Not to spoil the ending but… Bucky’s back baby!!!
Apologies for the quality of the following blog post. This is basically just to document the work I did. No fancy how-to’s and not much in the way of quality photography. TONS of pix, but just documentary stuff.
Anyways, here’s how I fixed Bucky’s cracked oil pan. Arguably there are much faster and easier ways to do it, but I chose to pull the engine.
One thing I learned – my pretty diamond plate floor is truly horrible for actually doing much in the way of garage work at all. It doesn’t really allow things to roll over it… and if that THING weighs a few hundred pounds, it doesn’t want to roll at all. It’s comfortable to work on, sit on, lay on, etc. But rolling engine stands or hoists? Nope.
The floor doesn’t hold up to oil laying on it either. I had a puddle of oil under the car for a couple weeks without thinking anything about it. And that part of the floor is now permanently wrinkled and stained. Sigh.
I’ll worry about the floor later.
I hadn’t pulled an engine for a while and couldn’t find my old load leveler. I went to Harbor Freight and bought a new one – this one. This is the “small” load leveler. They had two models – one for $30 and one for $40.
This is the $30 model. It sucks. Do not buy it. It binds up without much load on it regardless of how much you lubricate things. It’s just not meant for leveling a whole Miata engine/tranny combo. Just too small.
The attachment method sucks too.
Just say no. Get the $40 one. It’s blue, longer, and works great. (I own it now too.)
Doesn’t look bad from outside but you can see the damage from the inside very well. At least all of the metal appears to be present. We’ll find out if a big chunk is hiding inside the block somewhere.
Yup. Claw hammers – two of them. It takes a bit of leverage to get the oil pan free. The thing is pretty well sealed with the RTV around that pan. Lots of force needed.
Advice on MT was pretty much “Pry until you think it’ll break, then pry more.” And that’s what it took to get the pan free.
01-05 engines have a Main Bearing Support Plate, or MBSP. It’s different than all of the other Miata motors and requires a unique oil pan to make it work. The spare 94-00 oil pan I had didn’t work. That meant buying a new pan from Mazda.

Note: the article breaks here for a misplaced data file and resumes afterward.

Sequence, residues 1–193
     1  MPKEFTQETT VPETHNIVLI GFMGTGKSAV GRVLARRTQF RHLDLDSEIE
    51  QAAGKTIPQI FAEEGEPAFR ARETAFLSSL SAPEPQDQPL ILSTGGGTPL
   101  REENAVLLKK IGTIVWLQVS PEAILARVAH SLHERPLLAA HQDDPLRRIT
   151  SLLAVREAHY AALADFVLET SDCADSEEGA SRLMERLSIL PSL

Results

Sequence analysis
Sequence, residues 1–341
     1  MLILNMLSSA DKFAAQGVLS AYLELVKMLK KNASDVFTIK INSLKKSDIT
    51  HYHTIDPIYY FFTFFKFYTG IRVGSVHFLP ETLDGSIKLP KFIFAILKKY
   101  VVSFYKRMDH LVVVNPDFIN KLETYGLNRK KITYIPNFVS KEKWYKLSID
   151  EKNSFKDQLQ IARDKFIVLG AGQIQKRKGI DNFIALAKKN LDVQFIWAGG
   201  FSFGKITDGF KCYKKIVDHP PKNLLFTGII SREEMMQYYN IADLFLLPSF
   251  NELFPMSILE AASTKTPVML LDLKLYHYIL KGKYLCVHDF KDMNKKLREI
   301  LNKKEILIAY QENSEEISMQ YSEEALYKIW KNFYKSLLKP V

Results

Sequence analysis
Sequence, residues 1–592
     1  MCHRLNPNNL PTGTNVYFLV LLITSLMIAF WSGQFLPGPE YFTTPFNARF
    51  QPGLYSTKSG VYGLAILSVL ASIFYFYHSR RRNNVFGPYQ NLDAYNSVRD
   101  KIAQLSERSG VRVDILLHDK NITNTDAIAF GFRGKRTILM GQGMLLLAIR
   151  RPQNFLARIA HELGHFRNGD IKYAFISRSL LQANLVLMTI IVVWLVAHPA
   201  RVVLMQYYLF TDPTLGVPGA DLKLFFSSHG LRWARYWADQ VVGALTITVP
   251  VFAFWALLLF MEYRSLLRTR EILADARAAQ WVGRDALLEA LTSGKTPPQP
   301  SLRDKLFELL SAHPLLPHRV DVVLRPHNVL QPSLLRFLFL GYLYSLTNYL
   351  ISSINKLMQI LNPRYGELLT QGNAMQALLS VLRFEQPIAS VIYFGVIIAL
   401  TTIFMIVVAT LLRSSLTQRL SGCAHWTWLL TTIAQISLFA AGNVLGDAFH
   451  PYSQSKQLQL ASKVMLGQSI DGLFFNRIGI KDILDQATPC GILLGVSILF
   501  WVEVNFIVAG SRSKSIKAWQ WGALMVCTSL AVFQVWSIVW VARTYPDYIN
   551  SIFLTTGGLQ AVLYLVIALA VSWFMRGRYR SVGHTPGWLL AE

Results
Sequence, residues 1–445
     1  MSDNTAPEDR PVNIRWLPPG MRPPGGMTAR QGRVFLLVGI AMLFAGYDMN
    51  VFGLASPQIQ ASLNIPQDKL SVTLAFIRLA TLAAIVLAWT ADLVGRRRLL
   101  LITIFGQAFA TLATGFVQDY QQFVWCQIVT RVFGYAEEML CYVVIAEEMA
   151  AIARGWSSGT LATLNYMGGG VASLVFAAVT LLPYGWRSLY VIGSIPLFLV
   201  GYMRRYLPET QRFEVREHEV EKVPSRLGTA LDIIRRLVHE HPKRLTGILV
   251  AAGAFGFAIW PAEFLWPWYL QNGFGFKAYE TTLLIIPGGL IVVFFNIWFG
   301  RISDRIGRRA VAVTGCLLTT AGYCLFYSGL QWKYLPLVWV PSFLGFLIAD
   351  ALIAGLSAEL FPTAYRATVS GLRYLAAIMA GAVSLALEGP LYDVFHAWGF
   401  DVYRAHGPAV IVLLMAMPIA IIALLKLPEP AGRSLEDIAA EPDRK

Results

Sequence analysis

*sob sob sob*
Since I only needed to change the pan, I left the windage tray and MBSP in place. No need to get them out anyway.
An hour of careful cleaning with a nylon brush got the engine ready for more gasket goop.
The gaskets only go on one way. Pretty pleased about that. No chance on screwing it up. Though they go on the windage tray and not on the pan as seen in the top pic.
I went to the auto parts store and got a new tube of ultra grey gasket goop. I was rewarded with a new silver Matchbox Miata for my efforts! Pretty glad I decided to not just use the unknown-age gasket good that was in my storage locker.
One unbroken string of goop later…
The whole pan replacement procedure was only about 90 minutes of work. Most of that was removing the old gasket goop from the windage tray. It was actually very easy. I can kinda see why folks do this with the engine in the car and just wiggle it from around the subframe.
I needed to do a few more things though…
Bucky’s coolant hoses were all original. I think I replaced the top one when I did a timing belt change, but all of the rest were 15 years old. 16? Pretty old. Those tiny ones were worrying me. So out they came and on went new ones.
Props to Treasure Coast for selling a full set of Miata coolant hoses. No struggling with multiple part numbers, just one stop shopping. (I found this after discovering Mazdaspeed Motorsports no longer sells them.)
Bucky’s nose bearing was noisy. And… it had been noisy for like 2 years. At first, I could only hear it at like a drive-through ATM at first with a lot of stuff for the squeak to echo off of. But over 2 years it grew louder and louder. Any time I was driving next to a curb I could hear it screaming. It was going to eventually seize and strand me on the road somewhere.
Fortunately, a reason to get the engine out of the bay presented itself.
Might as well throw another stock clutch at Bucky while I had things out.
I bought a new rear main seal along with the clutch. Pretty pleased about that too. There was a nice oil trail coming from the old one that I only discovered when it was time to yank it out.
I think the Stormtrooper needs a new rear main seal as well. I’m very much not looking forward to that.
Though I managed to not take a photo, Bucky also got a nice new CSF replacement radiator from Goodwin. It’s something like 2.5x the thickness of the stock unit and has no plastic end tanks. That was another part that was causing me stress. 16 years on a stock Miata radiator is pretty good.
So the total work included…
1 new oil pan
– including oil pan gaskets
– gasket goop
– Matchbox silver ND Miata
1 new OEM clutch kit
– including pilot bearing and throw out bearing
– new slave cylinder
– new small OEM shift boot (old one was trashed)
– new rear main seal
Big box of OEM water hoses
– 4 small hoses
– 2 large hoses
– 2 firewall hoses
CSF 42mm 2 row radiator
and some fluids
– 3 quarts of Ford Motorcraft transmission fluid ($$)
– clutch fluid
– which was also shared with the brakes, which got bled
– fresh 70/30 water/coolant
– fresh oil and filter.
And after all of that, Bucky drives like a new car. It’s astounding how well he runs. I’m ashamed to say there was probably a lot of overdue maintenance that got done with this oil pan job.
Did I mention the engine fired on the very first try? Yup. I’m pretty proud.
So… anyone got a garage floor suggestion?